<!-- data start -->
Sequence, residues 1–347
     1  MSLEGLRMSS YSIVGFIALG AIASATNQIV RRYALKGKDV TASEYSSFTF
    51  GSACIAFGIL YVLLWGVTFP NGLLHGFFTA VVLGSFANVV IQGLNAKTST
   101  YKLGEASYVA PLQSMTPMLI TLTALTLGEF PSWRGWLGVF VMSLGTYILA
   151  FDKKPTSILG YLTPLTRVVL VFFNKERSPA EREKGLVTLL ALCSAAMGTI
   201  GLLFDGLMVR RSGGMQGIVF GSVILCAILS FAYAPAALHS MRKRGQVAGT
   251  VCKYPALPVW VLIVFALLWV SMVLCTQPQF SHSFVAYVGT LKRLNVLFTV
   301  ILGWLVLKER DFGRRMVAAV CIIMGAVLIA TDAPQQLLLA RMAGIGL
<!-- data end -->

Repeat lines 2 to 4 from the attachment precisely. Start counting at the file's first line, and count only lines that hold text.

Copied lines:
     1  MSLEGLRMSS YSIVGFIALG AIASATNQIV RRYALKGKDV TASEYSSFTF
    51  GSACIAFGIL YVLLWGVTFP NGLLHGFFTA VVLGSFANVV IQGLNAKTST
   101  YKLGEASYVA PLQSMTPMLI TLTALTLGEF PSWRGWLGVF VMSLGTYILA